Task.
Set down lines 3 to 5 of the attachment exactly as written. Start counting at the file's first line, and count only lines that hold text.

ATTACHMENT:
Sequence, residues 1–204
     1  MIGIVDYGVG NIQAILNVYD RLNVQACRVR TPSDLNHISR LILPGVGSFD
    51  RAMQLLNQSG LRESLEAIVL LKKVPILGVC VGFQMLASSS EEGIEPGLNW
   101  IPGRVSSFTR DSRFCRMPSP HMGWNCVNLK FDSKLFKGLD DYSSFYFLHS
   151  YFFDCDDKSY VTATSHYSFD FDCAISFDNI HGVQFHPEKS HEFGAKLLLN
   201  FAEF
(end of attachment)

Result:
    51  RAMQLLNQSG LRESLEAIVL LKKVPILGVC VGFQMLASSS EEGIEPGLNW
   101  IPGRVSSFTR DSRFCRMPSP HMGWNCVNLK FDSKLFKGLD DYSSFYFLHS
   151  YFFDCDDKSY VTATSHYSFD FDCAISFDNI HGVQFHPEKS HEFGAKLLLN